Expatriate Insurance News: Parents 'should not use sweets as treats' -
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Expatriate Insurance News: Parents 'should not use sweets as treats'

Expatriates with private international health insurance policies may wish to ensure their children are eating healthily.

According to Zoe Harcombe, nutritionist and author of Stop Counting Calories & Start Losing Weight: The Harcombe Diet, parents must view  giving their children junk foods and sugary sweets in the same light as they would handing them heart disease, cancer, obesity, diabetes and the other illnesses linked to poor eating choices.

Currently, adults view providing youngsters with treats and chocolates as "being nice to them", although it sends people into a "manic half an hour", followed by a two-hour crash and an urge for more sugar, she explained.

Food manufacturers want members of the public addicted to this cycle from a young age, the expert declared, calling on caregivers to counteract this and protect children.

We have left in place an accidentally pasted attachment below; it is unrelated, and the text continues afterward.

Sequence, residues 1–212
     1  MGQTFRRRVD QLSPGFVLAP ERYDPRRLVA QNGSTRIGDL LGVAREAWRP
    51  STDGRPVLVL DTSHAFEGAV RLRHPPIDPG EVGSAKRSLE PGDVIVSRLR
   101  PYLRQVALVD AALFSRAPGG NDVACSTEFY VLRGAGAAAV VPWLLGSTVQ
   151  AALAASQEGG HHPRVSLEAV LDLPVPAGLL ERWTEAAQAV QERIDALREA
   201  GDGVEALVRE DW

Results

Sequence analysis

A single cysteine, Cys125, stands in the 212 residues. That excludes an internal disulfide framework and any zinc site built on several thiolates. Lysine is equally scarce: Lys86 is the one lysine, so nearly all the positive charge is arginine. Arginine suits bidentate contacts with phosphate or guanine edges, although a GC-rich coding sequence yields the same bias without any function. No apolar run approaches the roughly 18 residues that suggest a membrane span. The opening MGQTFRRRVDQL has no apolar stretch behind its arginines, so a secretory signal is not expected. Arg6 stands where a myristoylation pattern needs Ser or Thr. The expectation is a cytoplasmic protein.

Ms Harcombe pointed out young people are not allowed to smoke and drink, arguing processed foods and hydrogenated vegetable oils are "just as harmful" as these habits.

If it is permissible to give youngsters these products on birthdays, Easter, Halloween and Christmas, they will want sugary snacks and treats constantly, as they are "highly addictive", she remarked.

When parents count all of the days that their children overindulge in these products, they may find they have had "junk more days than not", the nutritionist continued.

She asked: "Where do you draw the line?"

Instead, local fruits, vegetables, salads, seeds, nuts and whole grains for people with the right metabolism were recommended by Ms Harcombe.

Fast food can be significantly healthier when made from scratch than when bought from a takeaway or restaurant, the British Heart Foundation noted.

The organisation admitted most people like to have a treat from time-to-time and cravings for unhealthy products are well known, but stated sensible ingredients and cooking methods can reduce the fat, salt and sugar content of many meals.

Small products such as currant buns, dried fruit or apples can be used for between-meal snacks, it suggested.

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